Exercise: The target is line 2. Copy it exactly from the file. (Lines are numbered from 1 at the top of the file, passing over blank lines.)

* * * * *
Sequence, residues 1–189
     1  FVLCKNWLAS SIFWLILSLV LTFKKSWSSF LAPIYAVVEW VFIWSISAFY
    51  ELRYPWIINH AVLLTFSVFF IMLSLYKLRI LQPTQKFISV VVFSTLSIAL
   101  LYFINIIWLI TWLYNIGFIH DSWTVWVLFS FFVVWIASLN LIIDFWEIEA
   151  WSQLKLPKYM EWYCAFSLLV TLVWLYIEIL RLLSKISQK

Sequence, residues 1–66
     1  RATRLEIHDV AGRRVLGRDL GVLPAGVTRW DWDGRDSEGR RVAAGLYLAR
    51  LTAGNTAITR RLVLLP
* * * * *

     1  FVLCKNWLAS SIFWLILSLV LTFKKSWSSF LAPIYAVVEW VFIWSISAFY